Rodeline, Fully (Paien, Combe d’Enfer)
The Rodeline winery is one of the best around for comparing different grapes and grapes from several terroirs that are handled in different ways.
I started with two Fendants from their Plamont terroir, a 1-hectare stretch of vines in terraces above Fully, at 600-680 m altitude. It’s a beautiful, high spot looking down over the terraced vines to the Rhone river valley. Loess (wind deposits) soil lends itself particularly well to the Chasselas grape here. I am keen on the Plamont Chasselas, made without malolactic fermentation, grown on south-facing vines that are 35-plus years old. It has a complex nose with aromas of gunflint, and linden blossom and the 2018 has marked citrus fruits; it also has an exciting, slightly nervous mouth with a mineral finish. There are in fact two versions of this wine. I tasted the wine bottled in spring, but a second batch is matured in amphores and bottled in August. The amphores need more time before bottling, says Claudine Roduit. The cellar is now in its third year of a five-year experiment to see if the amphore version is the way forward.
In addition to the Fendant, the winery uses amphores for Humagne Blanche and Merlot. The other Fendant, Vieilles Vignes, is made from vines over 40 years old, with malolactic fermentation – a second fermentation that is sometimes used to soften white wines that are high in acidity. With Chasselas, a relatively low-acidity wine, it is sometimes used to create a creamy, softer texture that goes well with cheese. In this case, the vines are above 600 m and the wine is more mineral than some (which can feel like greater acidity if you’re unsure what it means for a wine to be mineral). This is a gentler wine, with more floral notes for me.
Petite Arvine is another grape that comes in more than one version. The three made by Rodeline range in price from CHF25-29.50 and are from three terroirs. The most intriguing is La Murgère, an Arvine with atypical aromas that I must taste again in November, during the Arvine Capital days in Fully, I was told. It’s made from a selection of old vines from two parcels next to each other, with accumulations of rocks and pebbles (which is what the place name means). These are massal replantings rather than cloned vines. The wine is big and rich, a gastronomy wine. The Arvine I preferred in late May is the Perronne version from grapes in Leytron that are 20 years old. This is a lighter, lively Arvine with grapefruit notes and the expected salinity in the finish.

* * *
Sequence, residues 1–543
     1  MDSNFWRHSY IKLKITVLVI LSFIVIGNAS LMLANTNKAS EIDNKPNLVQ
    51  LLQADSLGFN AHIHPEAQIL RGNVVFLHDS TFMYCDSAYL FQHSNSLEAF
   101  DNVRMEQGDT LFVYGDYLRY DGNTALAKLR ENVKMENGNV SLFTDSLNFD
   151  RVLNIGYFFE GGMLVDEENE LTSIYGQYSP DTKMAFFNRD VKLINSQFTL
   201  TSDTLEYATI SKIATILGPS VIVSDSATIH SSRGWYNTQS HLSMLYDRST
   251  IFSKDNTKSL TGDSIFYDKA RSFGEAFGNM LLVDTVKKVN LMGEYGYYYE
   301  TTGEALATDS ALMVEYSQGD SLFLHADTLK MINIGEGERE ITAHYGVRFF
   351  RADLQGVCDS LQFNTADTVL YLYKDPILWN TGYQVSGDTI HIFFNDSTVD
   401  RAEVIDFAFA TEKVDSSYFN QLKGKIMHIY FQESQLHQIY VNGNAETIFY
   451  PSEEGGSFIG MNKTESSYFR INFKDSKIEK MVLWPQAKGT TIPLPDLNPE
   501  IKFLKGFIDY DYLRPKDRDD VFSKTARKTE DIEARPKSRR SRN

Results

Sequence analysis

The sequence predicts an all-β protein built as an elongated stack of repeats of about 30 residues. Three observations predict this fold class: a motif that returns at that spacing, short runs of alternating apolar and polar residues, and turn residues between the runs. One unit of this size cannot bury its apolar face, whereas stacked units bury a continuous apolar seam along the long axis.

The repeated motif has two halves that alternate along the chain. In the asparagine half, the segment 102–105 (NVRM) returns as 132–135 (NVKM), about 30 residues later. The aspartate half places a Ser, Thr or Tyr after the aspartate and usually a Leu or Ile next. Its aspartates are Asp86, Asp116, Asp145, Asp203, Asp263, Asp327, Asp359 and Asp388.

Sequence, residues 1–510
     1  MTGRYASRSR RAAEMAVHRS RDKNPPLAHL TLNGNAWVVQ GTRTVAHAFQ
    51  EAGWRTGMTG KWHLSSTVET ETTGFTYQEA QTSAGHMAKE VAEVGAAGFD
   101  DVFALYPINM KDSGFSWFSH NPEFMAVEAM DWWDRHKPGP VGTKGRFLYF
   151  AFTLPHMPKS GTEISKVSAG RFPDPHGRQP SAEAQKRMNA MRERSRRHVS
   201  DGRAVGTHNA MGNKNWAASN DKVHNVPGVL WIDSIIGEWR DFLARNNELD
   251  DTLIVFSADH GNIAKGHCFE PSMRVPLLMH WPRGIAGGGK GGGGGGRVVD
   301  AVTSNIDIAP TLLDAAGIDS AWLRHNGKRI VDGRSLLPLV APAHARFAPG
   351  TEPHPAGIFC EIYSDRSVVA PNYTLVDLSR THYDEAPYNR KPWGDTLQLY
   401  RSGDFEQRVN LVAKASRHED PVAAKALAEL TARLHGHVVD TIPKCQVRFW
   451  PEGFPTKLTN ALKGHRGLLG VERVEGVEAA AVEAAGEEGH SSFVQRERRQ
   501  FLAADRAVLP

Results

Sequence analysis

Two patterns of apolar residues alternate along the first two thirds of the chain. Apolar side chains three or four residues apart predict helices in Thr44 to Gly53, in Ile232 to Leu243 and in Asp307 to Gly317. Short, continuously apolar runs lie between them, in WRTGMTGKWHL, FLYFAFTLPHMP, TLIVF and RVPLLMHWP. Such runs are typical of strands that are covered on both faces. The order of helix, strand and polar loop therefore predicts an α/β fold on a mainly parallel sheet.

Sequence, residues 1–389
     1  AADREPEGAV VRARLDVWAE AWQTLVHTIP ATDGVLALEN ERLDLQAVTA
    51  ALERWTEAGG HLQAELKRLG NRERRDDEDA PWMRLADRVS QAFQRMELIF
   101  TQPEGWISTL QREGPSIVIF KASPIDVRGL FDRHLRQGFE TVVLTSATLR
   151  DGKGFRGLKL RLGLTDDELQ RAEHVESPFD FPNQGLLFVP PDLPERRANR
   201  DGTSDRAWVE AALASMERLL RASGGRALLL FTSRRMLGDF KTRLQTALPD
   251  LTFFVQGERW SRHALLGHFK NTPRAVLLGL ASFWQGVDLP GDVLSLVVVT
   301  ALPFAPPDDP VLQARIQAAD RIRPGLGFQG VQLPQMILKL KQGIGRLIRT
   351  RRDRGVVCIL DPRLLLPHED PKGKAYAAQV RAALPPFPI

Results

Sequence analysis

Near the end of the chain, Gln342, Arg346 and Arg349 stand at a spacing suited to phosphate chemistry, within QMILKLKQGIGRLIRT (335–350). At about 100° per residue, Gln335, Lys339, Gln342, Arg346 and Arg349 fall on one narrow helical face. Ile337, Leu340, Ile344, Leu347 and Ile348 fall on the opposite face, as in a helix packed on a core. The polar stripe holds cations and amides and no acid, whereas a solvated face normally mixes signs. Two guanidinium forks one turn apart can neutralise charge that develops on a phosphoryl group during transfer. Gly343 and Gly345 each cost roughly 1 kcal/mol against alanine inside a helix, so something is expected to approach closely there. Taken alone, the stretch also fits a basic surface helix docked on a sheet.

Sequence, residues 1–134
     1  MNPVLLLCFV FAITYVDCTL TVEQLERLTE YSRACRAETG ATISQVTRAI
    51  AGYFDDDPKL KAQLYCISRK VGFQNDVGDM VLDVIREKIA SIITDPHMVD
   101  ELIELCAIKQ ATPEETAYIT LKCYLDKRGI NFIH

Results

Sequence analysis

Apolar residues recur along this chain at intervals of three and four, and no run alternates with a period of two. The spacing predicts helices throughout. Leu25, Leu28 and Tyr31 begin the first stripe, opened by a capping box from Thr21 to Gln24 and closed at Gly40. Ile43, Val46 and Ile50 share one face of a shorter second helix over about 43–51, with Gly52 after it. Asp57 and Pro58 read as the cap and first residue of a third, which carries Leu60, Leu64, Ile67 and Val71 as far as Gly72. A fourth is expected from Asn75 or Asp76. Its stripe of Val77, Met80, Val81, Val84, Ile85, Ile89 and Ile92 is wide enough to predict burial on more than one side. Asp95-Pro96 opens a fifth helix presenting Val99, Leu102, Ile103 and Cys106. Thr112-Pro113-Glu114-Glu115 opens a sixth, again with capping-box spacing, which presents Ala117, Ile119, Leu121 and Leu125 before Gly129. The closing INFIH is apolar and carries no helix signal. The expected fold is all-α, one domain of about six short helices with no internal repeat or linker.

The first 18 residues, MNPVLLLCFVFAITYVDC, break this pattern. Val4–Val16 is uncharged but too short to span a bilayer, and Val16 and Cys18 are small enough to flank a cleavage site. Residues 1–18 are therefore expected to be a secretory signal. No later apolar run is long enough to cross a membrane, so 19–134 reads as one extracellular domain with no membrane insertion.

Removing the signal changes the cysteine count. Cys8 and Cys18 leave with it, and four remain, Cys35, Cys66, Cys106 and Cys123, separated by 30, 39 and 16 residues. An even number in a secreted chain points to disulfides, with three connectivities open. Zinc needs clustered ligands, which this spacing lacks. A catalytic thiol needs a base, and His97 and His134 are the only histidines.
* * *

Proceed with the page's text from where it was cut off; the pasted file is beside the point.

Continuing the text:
The real star here was the Paien 2018 from Combe d’Enfer, CHF29. They have been making this wine since 2006 and it just gets better. This is an aromatic wine (grape: Savagnin blanc) with passion fruit and litchi notes, superb in mouth: big, rich, fleshy. My first reaction was to start thinking of great cheeses to go with this, nothing middling or simple. Next to me were the young owners of a very fine restaurant in Ovronnaz, Le Soleil de Dugny, who were having the same conversation. “Sorry,” he said, “We’ve just decided to buy their entire stock!” (I think this was a joke, but I want to reserve some, just in case).
Marie-Thérèse Chappaz, Fully (Petit Nature red blend)
MTC as she is widely known in the wine business, is a Swiss wine superstar, although I can see her cringing at the label, for she is not a celebrity status seeker, far from it. Her wines match their creator: honest, direct, interesting, uncomplicated and yet often complex. Selecting one favourite from her large lineup is very tough. At this point in my morning of tastings I decided to do a quick tour of the whites and leave myself time to taste a handful of red wines, from MTC, Cave Rodeline and Cave Devayes (Leytron).